Before we analyze synesthesia in “The Yellow Wallpaper,” we must first distinguish between literal synesthesia and literary synesthesia.
Literal synesthesia is a neuropsychological phenomenon where perceptions that normally occur through one sensory modality are processed through another–or several others.
This condition, which according to most sources is permanent, has been misunderstood as a mental defect in the past. Boris Sidis, a noted American psychiatrist and psychologist, explained in “An Inquiry into the Nature of Hallucinations: I.” five years after “The Yellow Wallpaper” was first published in 1899 that literal synesthesia may actually be a form of hallucination. He wrote, “When a certain stimulus makes an impression on a peripheral sense organ and gives rise to secondary sensation, we really have a hallucination, but in its simplest form” (26).
However, Jamie Ward, a researcher at the University of Sussex in the U.K., argues in an article published just a few months ago that synesthesia is not hallucination. In instances of synestesia there is both an “inducer” and a “concurrent,” terms invented by scientists Grossenbacher and Lovelace in 2001. The inducer is the stimulus that brings about the synesthetic experience, and the concurrent is the experience itself (50). In instances of hallucination, however, there is a concurrent but no inducer, according to Ward (50). Hallucinations are mental fabrications, whereas synesthesia is based on the actual physical environment. Thus, today synesthesia is considered a normal albeit atypical way of perceiving the world. It is thought of as a legitimate way of observing phenomena that non-synesthetes perceive a different way.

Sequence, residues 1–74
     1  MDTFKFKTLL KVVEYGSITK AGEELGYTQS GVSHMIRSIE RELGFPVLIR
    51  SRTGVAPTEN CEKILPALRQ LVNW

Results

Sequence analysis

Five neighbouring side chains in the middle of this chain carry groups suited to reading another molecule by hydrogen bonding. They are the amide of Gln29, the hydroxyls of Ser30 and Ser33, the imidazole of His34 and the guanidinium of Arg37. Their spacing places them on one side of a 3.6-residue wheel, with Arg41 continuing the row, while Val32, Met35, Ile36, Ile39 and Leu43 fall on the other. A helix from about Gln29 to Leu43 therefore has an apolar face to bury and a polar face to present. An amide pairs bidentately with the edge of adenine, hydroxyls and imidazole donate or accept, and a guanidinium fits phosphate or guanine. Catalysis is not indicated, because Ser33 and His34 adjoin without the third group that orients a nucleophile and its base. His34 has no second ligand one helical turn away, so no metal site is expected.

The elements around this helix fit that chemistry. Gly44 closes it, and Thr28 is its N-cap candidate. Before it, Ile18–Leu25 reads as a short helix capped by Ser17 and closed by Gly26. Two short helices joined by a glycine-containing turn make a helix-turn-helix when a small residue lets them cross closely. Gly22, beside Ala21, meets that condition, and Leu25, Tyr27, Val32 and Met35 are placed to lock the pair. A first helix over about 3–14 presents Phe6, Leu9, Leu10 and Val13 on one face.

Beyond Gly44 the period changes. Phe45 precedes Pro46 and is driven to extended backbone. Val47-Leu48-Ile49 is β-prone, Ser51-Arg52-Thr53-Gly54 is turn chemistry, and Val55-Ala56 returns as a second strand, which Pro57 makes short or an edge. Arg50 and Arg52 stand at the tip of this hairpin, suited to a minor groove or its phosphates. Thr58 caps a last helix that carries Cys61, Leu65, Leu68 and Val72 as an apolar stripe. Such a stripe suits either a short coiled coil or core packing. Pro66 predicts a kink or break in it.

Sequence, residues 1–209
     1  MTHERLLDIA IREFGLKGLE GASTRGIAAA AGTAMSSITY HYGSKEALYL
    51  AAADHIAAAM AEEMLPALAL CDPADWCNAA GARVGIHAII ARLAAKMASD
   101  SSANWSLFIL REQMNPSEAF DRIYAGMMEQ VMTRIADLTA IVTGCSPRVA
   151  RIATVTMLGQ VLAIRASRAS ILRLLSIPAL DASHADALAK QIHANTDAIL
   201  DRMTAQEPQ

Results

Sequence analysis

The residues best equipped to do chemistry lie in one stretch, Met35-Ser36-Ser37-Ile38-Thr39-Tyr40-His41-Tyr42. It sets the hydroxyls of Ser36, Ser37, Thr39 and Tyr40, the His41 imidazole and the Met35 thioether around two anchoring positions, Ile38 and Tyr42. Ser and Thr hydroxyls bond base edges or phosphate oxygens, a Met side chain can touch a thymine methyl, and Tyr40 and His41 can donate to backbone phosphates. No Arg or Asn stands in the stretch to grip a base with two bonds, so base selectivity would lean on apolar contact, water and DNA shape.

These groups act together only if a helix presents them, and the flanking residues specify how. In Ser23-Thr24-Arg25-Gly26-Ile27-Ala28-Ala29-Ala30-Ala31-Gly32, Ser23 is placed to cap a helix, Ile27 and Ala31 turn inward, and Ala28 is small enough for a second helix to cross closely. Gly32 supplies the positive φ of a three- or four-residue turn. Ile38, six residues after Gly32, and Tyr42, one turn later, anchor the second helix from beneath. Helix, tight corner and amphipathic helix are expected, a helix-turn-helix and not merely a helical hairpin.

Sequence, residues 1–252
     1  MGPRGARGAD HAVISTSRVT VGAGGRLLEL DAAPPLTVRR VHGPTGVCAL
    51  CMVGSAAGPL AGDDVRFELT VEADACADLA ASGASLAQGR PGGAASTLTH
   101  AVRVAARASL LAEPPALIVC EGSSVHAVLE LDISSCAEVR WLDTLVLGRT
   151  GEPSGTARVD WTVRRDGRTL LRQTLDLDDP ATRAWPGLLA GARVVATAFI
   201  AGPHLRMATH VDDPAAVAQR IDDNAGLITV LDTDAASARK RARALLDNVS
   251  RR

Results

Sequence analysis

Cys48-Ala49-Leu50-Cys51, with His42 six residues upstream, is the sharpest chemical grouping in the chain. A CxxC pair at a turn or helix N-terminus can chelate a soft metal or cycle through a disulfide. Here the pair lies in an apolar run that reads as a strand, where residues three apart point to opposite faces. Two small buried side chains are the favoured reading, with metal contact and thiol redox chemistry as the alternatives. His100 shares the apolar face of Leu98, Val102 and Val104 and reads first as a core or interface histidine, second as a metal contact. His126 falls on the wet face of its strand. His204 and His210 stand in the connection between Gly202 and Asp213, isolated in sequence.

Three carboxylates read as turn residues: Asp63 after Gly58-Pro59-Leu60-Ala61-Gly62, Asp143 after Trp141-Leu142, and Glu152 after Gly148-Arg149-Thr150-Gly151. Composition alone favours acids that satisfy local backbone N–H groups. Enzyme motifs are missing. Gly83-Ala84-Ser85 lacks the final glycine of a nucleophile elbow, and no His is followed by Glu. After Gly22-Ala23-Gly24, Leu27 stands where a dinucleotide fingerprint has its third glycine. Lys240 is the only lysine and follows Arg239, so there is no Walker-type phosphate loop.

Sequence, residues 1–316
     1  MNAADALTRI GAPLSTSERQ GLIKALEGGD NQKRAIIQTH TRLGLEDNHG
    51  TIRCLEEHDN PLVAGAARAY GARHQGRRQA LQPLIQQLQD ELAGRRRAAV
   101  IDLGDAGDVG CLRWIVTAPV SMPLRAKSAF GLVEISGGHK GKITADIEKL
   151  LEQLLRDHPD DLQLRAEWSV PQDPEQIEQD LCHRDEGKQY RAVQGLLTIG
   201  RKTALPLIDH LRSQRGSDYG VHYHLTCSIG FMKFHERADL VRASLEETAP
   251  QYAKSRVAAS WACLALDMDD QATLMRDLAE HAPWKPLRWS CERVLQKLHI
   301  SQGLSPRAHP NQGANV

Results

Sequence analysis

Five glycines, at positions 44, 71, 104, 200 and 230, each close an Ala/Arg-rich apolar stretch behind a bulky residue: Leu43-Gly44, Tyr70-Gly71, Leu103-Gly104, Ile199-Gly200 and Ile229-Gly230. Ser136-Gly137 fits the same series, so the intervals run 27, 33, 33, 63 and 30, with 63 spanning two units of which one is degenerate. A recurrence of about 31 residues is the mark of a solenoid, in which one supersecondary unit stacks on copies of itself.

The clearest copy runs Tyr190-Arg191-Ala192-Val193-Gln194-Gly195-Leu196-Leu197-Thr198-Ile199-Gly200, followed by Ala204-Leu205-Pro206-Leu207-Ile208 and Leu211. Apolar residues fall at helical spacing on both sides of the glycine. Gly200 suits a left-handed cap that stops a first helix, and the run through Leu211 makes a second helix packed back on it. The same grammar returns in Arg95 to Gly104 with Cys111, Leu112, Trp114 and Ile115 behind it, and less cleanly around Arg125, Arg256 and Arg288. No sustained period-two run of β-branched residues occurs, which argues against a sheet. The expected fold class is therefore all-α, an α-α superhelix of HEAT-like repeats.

Literary synesthesia, on the other hand, is not a condition but the application of synesthetic description to literature. Glenn O’Malley defines literary synesthesia as “a writer’s use of the ‘metaphor of the senses’ or of expressions and concepts related to it” (391). Literary synesthesia does not require that a character is a synesthete, but can also appear in narratives that escape the lines of “normal” sensory experience.
In an article titled “Literary Synesthesia,” O’Malley offers examples from Dante’s Divine Comedy, where literary synesthesia is used to evoke a sense of nearing divine truth. The work is split into three parts: Hell, Purgatory, and Paradise. The three together represent a spiritual progression marked by sensory enhancement that O’Malley argues is illustrated by synesthetic expression (410).
For example, O’Malley explains that in Hell the speaker describes places where “‘the sun is silent’ (Inf. I. 60)” and “‘every light [is] mute (Inf. V.28)'” (409-410). There are few synesthetic description in Hell; where they are present they are weak, and as O’Malley explains, “may only be called intersense analogies in a negative sense” (409). In Paradise, on the other hand, there is an abundance of intersense analogies. In Canto XII, O’Malley compares, “intricate comparisons between the reflections of song and the echoing of rainbow splendors reinforce one another (line 1-15)” (410). As the soul moves from Hell to Purgatory to Heaven in Divine Comedy, O’Malley explains, it experiences a more and more unified experience of everything withing the domain of God (410). He concludes that all examples of literary synesthesia “which serve and take strength from a purpose like Dante’s should be construed with regard for poetic and philosophical insights and intentions” (410).